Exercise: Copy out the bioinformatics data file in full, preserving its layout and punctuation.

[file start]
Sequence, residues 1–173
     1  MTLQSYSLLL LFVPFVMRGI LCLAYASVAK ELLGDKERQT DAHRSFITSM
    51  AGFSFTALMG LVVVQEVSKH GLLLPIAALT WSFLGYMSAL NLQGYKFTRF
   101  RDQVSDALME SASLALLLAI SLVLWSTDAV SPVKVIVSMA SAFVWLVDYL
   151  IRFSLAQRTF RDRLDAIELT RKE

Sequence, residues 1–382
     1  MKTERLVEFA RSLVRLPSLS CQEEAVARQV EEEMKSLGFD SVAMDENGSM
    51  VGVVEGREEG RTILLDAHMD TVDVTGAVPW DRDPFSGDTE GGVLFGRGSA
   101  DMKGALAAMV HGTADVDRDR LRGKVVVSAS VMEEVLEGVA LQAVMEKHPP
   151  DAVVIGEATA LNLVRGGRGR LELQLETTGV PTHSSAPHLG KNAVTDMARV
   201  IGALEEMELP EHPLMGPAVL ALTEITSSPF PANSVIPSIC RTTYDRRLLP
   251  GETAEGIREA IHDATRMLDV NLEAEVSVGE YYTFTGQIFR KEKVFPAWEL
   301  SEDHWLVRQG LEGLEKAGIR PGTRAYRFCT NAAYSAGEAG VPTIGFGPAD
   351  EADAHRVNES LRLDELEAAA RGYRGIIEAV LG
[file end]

Sequence, residues 1–173
     1  MTLQSYSLLL LFVPFVMRGI LCLAYASVAK ELLGDKERQT DAHRSFITSM
    51  AGFSFTALMG LVVVQEVSKH GLLLPIAALT WSFLGYMSAL NLQGYKFTRF
   101  RDQVSDALME SASLALLLAI SLVLWSTDAV SPVKVIVSMA SAFVWLVDYL
   151  IRFSLAQRTF RDRLDAIELT RKE

Sequence, residues 1–382
     1  MKTERLVEFA RSLVRLPSLS CQEEAVARQV EEEMKSLGFD SVAMDENGSM
    51  VGVVEGREEG RTILLDAHMD TVDVTGAVPW DRDPFSGDTE GGVLFGRGSA
   101  DMKGALAAMV HGTADVDRDR LRGKVVVSAS VMEEVLEGVA LQAVMEKHPP
   151  DAVVIGEATA LNLVRGGRGR LELQLETTGV PTHSSAPHLG KNAVTDMARV
   201  IGALEEMELP EHPLMGPAVL ALTEITSSPF PANSVIPSIC RTTYDRRLLP
   251  GETAEGIREA IHDATRMLDV NLEAEVSVGE YYTFTGQIFR KEKVFPAWEL
   301  SEDHWLVRQG LEGLEKAGIR PGTRAYRFCT NAAYSAGEAG VPTIGFGPAD
   351  EADAHRVNES LRLDELEAAA RGYRGIIEAV LG